Your best course of action may be determined by the size of your work force. A 5 or 10 megabyte Internet circuit may be perfect if you only have a few employees. You should consider more than that if you have more workers. Also keep in mind whether your workers need to access the net at the same time.
You may not need as much high-speed access to The Internet if your employees work primarily on an intranet system with limited graphics and video. On the other hand, Internet speed becomes dramatically more important when they are required to regularly download things like documents or videos.
Are you regularly performing backups? It is recommended that you do remote backups from every desk. If you are, you will need to support simultaneous connections out to the web to synchronize the backup data to collect.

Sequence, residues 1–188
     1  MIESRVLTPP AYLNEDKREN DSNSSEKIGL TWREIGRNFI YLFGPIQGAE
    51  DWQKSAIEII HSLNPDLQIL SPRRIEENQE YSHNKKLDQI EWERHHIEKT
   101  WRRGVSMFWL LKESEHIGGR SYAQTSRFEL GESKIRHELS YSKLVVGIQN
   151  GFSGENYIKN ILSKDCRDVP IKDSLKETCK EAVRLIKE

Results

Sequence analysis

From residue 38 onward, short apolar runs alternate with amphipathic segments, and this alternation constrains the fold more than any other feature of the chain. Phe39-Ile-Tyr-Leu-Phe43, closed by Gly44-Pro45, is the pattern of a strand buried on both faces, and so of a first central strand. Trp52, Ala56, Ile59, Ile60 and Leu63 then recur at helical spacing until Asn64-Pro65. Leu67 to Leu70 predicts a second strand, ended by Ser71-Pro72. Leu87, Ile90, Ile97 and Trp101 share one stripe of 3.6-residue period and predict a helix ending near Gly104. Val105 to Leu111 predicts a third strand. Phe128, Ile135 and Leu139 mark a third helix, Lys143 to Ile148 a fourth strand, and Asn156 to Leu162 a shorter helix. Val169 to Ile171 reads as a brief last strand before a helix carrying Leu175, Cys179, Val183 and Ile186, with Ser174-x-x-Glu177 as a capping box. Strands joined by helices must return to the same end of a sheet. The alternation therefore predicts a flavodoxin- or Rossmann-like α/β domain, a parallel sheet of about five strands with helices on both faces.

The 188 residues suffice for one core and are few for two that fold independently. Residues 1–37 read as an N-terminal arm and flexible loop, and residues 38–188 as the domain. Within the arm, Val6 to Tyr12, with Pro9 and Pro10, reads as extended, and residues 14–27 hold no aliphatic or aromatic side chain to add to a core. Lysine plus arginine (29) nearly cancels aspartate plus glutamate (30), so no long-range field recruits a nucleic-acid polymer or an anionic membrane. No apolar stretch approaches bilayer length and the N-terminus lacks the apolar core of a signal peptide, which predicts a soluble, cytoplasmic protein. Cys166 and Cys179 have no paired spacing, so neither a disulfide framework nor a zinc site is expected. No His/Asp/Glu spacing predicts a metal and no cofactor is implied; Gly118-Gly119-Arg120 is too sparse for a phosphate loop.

Does your company use a file sharing service? DropBox? Google drive? After a file is saved, it goes to the cloud and then to someone else’s computer. Supporting file sharing, while supporting every other service, requires sufficient bandwidth.
Business high-speed Internet access may interest you. Depending on your location, you may have options such as gigabit Internet or Metro Ethernet. “Lit buildings” that have already been wired by a carrier, are commonly the site for these. The ease and affordability of adding high-speed Internet to your office may surprise you.
While bringing Metro Ethernet to a new building can be an expensive proposition, bringing that connection to a suite within the building is not. Did you know that obtaining high-speed Internet access with Metro Ethernet or gigabit Internet can often take 30 days or less? Of course, this depends upon availability.
Does your company host its own servers? Does your company use the hosted servers to run data feeds, APIs or websites for offices or businesses located elsewhere? Is your main business office with a hosted application accessed by 40 or even 50 branch office sites? Perhaps you are in retail and host the point of sale (POS) system for thousands of stores? Do you run a law office that hosts the data for satellite offices in different cities or states?